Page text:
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Mayor Says San Diego Doesn't Wait For State, Federal Governments To Solve Problems

A Conversation with London Mayor Boris Johnson and San Diego Mayor Kevin Faulconer

The mayors of San Diego and London said at a Brookings Institution forum Thursday that cities are increasingly taking control of their destinies and not waiting around for higher levels government to solve their problems.

San Diego Mayor Kevin Faulconer and London Mayor Boris Johnson said devolution of government is becoming a major factor in civic life.

"We don't wait for the state government or the federal government to come in and solve our problems," Faulconer said. "We'd be waiting a long time if we did that. We have to, and we do, control our own destiny."


Faulconer participated in the forum in Washington, D.C., because San Diego is part of Brookings' Global Cities Initiative, the think tank's program on civic competitiveness.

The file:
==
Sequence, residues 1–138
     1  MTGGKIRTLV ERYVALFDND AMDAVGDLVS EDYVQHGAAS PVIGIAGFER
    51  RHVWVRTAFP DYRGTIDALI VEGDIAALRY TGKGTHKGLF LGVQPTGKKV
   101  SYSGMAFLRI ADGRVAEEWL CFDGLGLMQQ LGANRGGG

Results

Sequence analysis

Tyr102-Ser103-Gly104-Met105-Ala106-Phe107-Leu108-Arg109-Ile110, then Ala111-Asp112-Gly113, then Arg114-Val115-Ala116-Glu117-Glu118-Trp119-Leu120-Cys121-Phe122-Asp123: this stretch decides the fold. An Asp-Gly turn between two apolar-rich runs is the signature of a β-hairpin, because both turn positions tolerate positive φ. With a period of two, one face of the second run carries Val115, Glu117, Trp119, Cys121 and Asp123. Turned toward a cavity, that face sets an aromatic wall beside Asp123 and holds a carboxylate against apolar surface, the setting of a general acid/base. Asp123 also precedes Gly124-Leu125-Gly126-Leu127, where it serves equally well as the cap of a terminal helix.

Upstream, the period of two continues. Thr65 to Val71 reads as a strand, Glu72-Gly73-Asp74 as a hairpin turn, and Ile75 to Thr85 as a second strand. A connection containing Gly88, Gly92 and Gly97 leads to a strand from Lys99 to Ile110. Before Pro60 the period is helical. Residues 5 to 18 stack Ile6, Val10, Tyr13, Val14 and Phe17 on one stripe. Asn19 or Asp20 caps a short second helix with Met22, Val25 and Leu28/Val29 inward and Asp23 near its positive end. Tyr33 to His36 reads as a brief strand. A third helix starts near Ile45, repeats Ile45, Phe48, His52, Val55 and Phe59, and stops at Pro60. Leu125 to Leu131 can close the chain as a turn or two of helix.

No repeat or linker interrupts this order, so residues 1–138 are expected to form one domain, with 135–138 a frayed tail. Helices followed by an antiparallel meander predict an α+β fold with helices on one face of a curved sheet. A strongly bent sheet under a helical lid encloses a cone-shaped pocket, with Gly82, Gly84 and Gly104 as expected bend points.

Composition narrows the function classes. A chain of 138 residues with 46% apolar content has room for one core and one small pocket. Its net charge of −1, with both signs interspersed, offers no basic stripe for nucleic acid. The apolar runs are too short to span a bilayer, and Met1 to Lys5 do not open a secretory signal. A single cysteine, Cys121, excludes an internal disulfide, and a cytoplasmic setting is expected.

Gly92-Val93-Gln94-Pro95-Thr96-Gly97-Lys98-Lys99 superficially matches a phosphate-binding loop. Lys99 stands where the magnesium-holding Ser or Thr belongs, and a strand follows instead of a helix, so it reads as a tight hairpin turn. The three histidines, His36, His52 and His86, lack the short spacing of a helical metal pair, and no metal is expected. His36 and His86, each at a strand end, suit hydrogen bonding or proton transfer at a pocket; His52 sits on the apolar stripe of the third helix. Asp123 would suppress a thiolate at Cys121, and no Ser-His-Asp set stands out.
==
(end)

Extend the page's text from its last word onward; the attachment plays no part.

He touted San Diego's collaborative approach between major institutions, the opportunities presented by the proximity of the international border with Mexico, and the city's library system as a place where people come together.

Johnson, the irrepressible leader of one of the world's largest municipalities, said high-tech industries are remaking the local economy on a scale unseen since the industrial revolution. London, with a population of 8.6 million, remains the world's financial capital, he said.

Moderator Bruce Katz, director of the Metropolitan Policy Program at Brookings, said San Diego was once flat on its back with the financial crisis and recession, but it now "a truly diversified economy of tech and innovation."

Faulconer's East Coast trip included a tour of national media outlets in New York earlier this week, in which he touted San Diego's "innovation economy."